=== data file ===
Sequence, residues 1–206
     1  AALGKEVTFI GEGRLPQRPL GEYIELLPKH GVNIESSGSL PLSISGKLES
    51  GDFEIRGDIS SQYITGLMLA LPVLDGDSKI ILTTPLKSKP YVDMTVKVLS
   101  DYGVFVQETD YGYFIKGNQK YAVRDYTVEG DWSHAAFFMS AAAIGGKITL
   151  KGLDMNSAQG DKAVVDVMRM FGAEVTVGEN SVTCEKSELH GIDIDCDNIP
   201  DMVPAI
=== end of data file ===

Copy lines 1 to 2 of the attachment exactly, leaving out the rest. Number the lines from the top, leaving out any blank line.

Sequence, residues 1–206
     1  AALGKEVTFI GEGRLPQRPL GEYIELLPKH GVNIESSGSL PLSISGKLES